Like a chaotic American Comedy

While everyone was putting back on their bits and pieces in the foyer afterwards, I tried to take myself out of the situation. Looking down on us as if I wasn’t part of our noisy little group. But that girl that I used to be about 5 years ago doing the odd sightseeing on my own. It was like watching one of these American comedies that are too annoying to keep watching till the end. Our little one was knackered and too tired to keep walking, but still protested when we put him into the buggy. Once this was done, his shortly interrupted asking for food continued. While our friend ran out to extend his parking ticket we had to keep the twins busy, quiet and most importantly with us until he got back. We were actually thinking he might not come back at all or at least not for a while to have some peaceful moments in the car. When the level of noise started to get out of control my husband suggested a silent screaming competition. Strange, but brilliant concept. Everybody was happy with us just mouthing the screams, including the slighlty grim looking man at reception.

Kinder Surprise

Surprisingly our friend returned after only a couple of minutes and we all decided to go for lunch. An experience that most parents probably dread. I stopped going for lunch with our boy shortly after he started to walk. There was just no upside to having food in a public place other than not having to cook myself. However the downsides were outweighing that by far. First I have to keep him busy until the food arrives. As you can imagine this involves walking around a lot. The kids’ food normally arrives before mine so I can help him eating. Great, but who is going to explore the place with him when I get my dinner? Anyway, that was in the past. Lately it can actually be quite relaxed to go to a restaurant with the family. Can be, no guarantee given! Sometimes you enter a place with the calmest child in the world. Before you even get the menu you end up with demon baby at – or even on or under – the table. It is literally like a kinder surprise when you bring your ‘kinder’ (German for children) out to eat. You never know what comes out from underneath that sweet cover.

Country Folk in the City

We were lucky that day and enjoyed the meal in a civilised manner. Shout-out to Lauren from Foley’s Bar who besides providing a great service, had a good sense of humour and a soft spot for kids. We could even have a grown-up conversation. Well, the way parents have conversations. Meaning not looking at each other when talking, taking at least three attempts before finishing a story and waving sticky fingers in the air to emphasise a point. By the end of the dinner our little live wires were completely worn out and we decided to have a quick gander through the city (with everybody in their buggies). Who knows how long we hadn’t been in Dublin. Grafton Street had meanwhile been re-branded as Grafton Quarter. And our son got excited about the LUAS, repeatedly asking what that was. I pointed out the newly refurbished Bewleys Café to my husband which had already been re-opened in November 2017.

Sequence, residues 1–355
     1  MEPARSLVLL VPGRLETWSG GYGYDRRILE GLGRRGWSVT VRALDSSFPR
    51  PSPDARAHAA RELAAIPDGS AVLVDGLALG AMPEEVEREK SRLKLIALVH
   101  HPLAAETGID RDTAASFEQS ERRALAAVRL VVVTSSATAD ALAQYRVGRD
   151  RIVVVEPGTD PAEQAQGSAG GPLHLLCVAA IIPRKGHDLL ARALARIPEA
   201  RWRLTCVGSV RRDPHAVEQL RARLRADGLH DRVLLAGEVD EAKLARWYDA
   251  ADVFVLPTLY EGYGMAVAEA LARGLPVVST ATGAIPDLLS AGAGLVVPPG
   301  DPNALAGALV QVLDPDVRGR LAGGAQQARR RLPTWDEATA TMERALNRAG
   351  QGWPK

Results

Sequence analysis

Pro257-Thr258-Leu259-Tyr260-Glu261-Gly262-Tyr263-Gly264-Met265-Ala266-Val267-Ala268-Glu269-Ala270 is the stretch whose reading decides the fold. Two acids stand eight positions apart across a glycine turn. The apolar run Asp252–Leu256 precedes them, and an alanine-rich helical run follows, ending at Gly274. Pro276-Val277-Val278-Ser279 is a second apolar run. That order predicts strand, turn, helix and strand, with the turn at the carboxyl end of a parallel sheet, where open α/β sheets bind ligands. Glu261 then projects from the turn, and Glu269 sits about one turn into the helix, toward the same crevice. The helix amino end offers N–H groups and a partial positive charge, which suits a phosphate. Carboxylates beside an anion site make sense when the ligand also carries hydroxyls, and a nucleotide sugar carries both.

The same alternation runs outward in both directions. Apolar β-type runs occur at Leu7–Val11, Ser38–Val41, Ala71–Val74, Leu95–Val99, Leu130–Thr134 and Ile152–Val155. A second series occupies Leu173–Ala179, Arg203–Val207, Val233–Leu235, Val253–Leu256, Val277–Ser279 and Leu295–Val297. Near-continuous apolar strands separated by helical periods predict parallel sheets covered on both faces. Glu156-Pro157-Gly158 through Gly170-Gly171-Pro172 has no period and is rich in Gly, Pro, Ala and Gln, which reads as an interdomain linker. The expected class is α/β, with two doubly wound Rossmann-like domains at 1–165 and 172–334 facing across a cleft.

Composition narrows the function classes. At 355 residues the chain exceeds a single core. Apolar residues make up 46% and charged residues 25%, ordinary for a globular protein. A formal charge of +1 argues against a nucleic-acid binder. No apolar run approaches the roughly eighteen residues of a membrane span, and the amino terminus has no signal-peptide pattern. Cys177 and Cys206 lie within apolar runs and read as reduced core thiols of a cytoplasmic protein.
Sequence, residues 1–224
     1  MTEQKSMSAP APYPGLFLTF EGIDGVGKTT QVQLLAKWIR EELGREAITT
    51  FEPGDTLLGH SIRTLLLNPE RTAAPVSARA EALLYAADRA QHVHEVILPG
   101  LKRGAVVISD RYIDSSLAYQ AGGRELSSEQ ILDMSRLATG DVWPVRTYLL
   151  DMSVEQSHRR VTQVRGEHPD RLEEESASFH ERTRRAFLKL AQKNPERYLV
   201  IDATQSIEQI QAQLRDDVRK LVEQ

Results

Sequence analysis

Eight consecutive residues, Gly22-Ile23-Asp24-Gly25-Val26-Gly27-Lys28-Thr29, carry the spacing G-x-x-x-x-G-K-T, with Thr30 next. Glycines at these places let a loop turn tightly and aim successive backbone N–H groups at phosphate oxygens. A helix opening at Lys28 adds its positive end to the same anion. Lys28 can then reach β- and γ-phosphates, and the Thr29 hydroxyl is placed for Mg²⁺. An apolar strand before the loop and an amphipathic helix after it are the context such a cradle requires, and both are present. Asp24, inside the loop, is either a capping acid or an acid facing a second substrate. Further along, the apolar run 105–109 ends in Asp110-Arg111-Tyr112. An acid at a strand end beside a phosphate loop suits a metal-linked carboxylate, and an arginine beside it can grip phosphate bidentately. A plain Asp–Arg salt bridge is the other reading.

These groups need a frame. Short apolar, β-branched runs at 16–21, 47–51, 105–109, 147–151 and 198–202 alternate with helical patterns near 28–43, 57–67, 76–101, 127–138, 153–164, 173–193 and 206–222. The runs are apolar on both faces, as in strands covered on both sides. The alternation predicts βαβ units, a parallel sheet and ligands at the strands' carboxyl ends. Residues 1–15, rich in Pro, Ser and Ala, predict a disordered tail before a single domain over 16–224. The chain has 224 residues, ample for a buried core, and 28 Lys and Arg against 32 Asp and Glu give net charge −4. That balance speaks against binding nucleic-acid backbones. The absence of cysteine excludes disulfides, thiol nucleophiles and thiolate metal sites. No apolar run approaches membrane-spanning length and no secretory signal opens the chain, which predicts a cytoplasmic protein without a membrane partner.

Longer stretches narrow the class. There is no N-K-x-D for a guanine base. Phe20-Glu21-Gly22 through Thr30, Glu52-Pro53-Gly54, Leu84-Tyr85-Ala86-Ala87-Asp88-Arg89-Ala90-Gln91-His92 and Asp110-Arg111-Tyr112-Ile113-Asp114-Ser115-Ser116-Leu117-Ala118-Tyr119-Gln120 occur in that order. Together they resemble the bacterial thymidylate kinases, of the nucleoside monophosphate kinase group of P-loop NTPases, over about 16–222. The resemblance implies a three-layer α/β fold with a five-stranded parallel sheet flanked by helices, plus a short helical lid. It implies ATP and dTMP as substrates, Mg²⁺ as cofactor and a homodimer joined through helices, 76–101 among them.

I wouldn’t change it for the World

Trips like that have become rare for us. With all the effort it takes to leave the house at a decent hour of the day, we value days like this even more. That morning we had just dropped everything and left the chaos behind to spontaneously spend a day in the city. Walking through the newly appointed Grafton Quarter at dusk, watching all the dressed up ladies in short skirts rushing through the cold, I remembered for a split second what it was like when I used to go out on a Saturday night. It seemed so far away, almost as if it had happened in a different life. I can honestly say that I didn’t envy these people heading out to some fancy bar or club. I couldn’t have been happier than I was in that precise moment. Sipping away on my hot chocolate with my 2-months old daughter snuggled into my coat. My husband beside me pushing the buggy with our sleeping toddler walking through Pre-Christmas Dublin.

“Party-Me” is definitely gone. Some friendships might have changed or even dissolved because of that. On the other hand I have met so many nice people through my kids who are in the same boat and who I can share my turbulent life as Stay-at-Home Mom with. Thanks again to the twin daddy who spontaneously spent the day with us in Dublin and to his lovely partner. And to all my dear mammy friends who make life so much easier for me.

How to become the Employee of the Month as a Stay-at-Home-Mom

Numerous times I have been awarded Employee of the Month. It usually is a small ceremony. Few words, big emotions. Sometimes even tears. The last time I dressed up for the occassion but unfortunately someone spilled on my top. No big deal, it happens.

For the last two and a half years a young man has been managing the procedure. In September a sweet little lady joined the commitee. Together they monitor me all day long and you never know what’s going on in their heads. Sometimes I expect adoration and get shouted at. Other times for no reason at all I receive supportive smiles. They are harsh critics and they don’t make a secret out of it. Their expectations are high and occasionally I struggle to meet them. I often have doubts that I am doing my job properly. The more surprised I am when I receive approval for my efforts.